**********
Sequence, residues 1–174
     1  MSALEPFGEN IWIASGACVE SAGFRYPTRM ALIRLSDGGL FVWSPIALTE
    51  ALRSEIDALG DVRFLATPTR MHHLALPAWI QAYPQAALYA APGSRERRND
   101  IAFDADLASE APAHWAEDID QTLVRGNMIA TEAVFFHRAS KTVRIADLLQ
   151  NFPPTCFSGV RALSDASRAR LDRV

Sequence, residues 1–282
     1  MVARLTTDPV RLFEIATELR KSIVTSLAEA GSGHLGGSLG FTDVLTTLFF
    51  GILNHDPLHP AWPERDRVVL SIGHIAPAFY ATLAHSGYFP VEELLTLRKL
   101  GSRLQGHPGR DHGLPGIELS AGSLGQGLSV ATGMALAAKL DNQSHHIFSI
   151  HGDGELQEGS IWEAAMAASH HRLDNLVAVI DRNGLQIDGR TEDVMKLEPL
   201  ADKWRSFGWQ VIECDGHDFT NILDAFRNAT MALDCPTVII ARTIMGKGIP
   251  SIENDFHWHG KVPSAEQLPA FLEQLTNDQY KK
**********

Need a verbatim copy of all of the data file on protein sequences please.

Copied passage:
Sequence, residues 1–174
     1  MSALEPFGEN IWIASGACVE SAGFRYPTRM ALIRLSDGGL FVWSPIALTE
    51  ALRSEIDALG DVRFLATPTR MHHLALPAWI QAYPQAALYA APGSRERRND
   101  IAFDADLASE APAHWAEDID QTLVRGNMIA TEAVFFHRAS KTVRIADLLQ
   151  NFPPTCFSGV RALSDASRAR LDRV

Sequence, residues 1–282
     1  MVARLTTDPV RLFEIATELR KSIVTSLAEA GSGHLGGSLG FTDVLTTLFF
    51  GILNHDPLHP AWPERDRVVL SIGHIAPAFY ATLAHSGYFP VEELLTLRKL
   101  GSRLQGHPGR DHGLPGIELS AGSLGQGLSV ATGMALAAKL DNQSHHIFSI
   151  HGDGELQEGS IWEAAMAASH HRLDNLVAVI DRNGLQIDGR TEDVMKLEPL
   201  ADKWRSFGWQ VIECDGHDFT NILDAFRNAT MALDCPTVII ARTIMGKGIP
   251  SIENDFHWHG KVPSAEQLPA FLEQLTNDQY KK